The half head (Fig. 2) representing the skull, and representing the death, to me does not represent a human skull, but a mammal skull. I deduce this from the protuberance to the right in the mammalian ear area, and the large orbital area. However, teeth have human features, and therefore, it can be considered the skull of a "humanized animal".
These types of zooanthropomorphic depictions fall within bicephaly. Two-faced depictions are found throughout all times, and in almost all the world places. Two-faced anthropomorphic depictions are in greater numbers and generally unite two heads looking in opposite directions, the best known of which is two-faced Janus.
The origin of the bicephaly is in the lower Paleolithic, and continues uninterruptedly until the historical times. The bicephaly , in the Paleolithic, is found only in the sculpture of western Europe, because there were made intense researches, but probably it is present also in other continents.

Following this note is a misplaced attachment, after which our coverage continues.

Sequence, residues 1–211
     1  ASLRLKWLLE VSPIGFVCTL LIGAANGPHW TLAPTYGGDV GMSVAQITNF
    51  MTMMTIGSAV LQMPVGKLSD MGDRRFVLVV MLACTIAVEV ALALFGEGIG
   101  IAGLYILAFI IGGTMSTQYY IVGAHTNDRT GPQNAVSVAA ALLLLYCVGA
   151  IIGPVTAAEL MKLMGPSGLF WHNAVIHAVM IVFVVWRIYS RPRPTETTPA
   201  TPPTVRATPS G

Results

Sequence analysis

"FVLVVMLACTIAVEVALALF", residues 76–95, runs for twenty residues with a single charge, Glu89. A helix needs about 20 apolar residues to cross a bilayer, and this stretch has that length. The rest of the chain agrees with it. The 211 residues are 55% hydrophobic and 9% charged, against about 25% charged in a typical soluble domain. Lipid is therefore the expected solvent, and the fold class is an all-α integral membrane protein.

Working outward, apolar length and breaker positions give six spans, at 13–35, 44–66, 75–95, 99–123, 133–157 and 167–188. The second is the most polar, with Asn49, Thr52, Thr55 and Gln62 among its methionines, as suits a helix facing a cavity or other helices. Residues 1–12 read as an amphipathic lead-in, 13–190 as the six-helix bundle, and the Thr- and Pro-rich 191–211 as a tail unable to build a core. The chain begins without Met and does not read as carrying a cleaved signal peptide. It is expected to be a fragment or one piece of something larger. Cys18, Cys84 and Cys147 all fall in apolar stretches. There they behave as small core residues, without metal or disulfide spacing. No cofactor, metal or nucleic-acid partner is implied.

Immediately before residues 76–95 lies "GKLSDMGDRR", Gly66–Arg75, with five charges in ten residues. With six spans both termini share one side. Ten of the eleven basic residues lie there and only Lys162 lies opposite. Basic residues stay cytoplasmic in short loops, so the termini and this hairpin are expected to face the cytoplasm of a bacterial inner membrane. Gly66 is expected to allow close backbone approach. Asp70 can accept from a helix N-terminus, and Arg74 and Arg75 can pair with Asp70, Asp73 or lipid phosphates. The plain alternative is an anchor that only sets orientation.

The two-faced zooanthropomorphic Paleolithic sculpture joins at the nape an animal head to a human head, generally looking in opposite direction. Others, very rare, like that one that I introduce here, join half animal head to half human head with forward look, like the two Mexican masks.
This sculpture has been found by Prof. Leslie Freeman of the University of Chicago and by Spanish archaeologists in El Juyo, Santander in Spain (Now preserved in the Museum of Altamira). The lithic sculpture of El Juyo represents in a some rough way half human head with beard and whiskers to half feline head.

Fig 3 Drawing of the lithic sculpture

Interpretation of the sculpture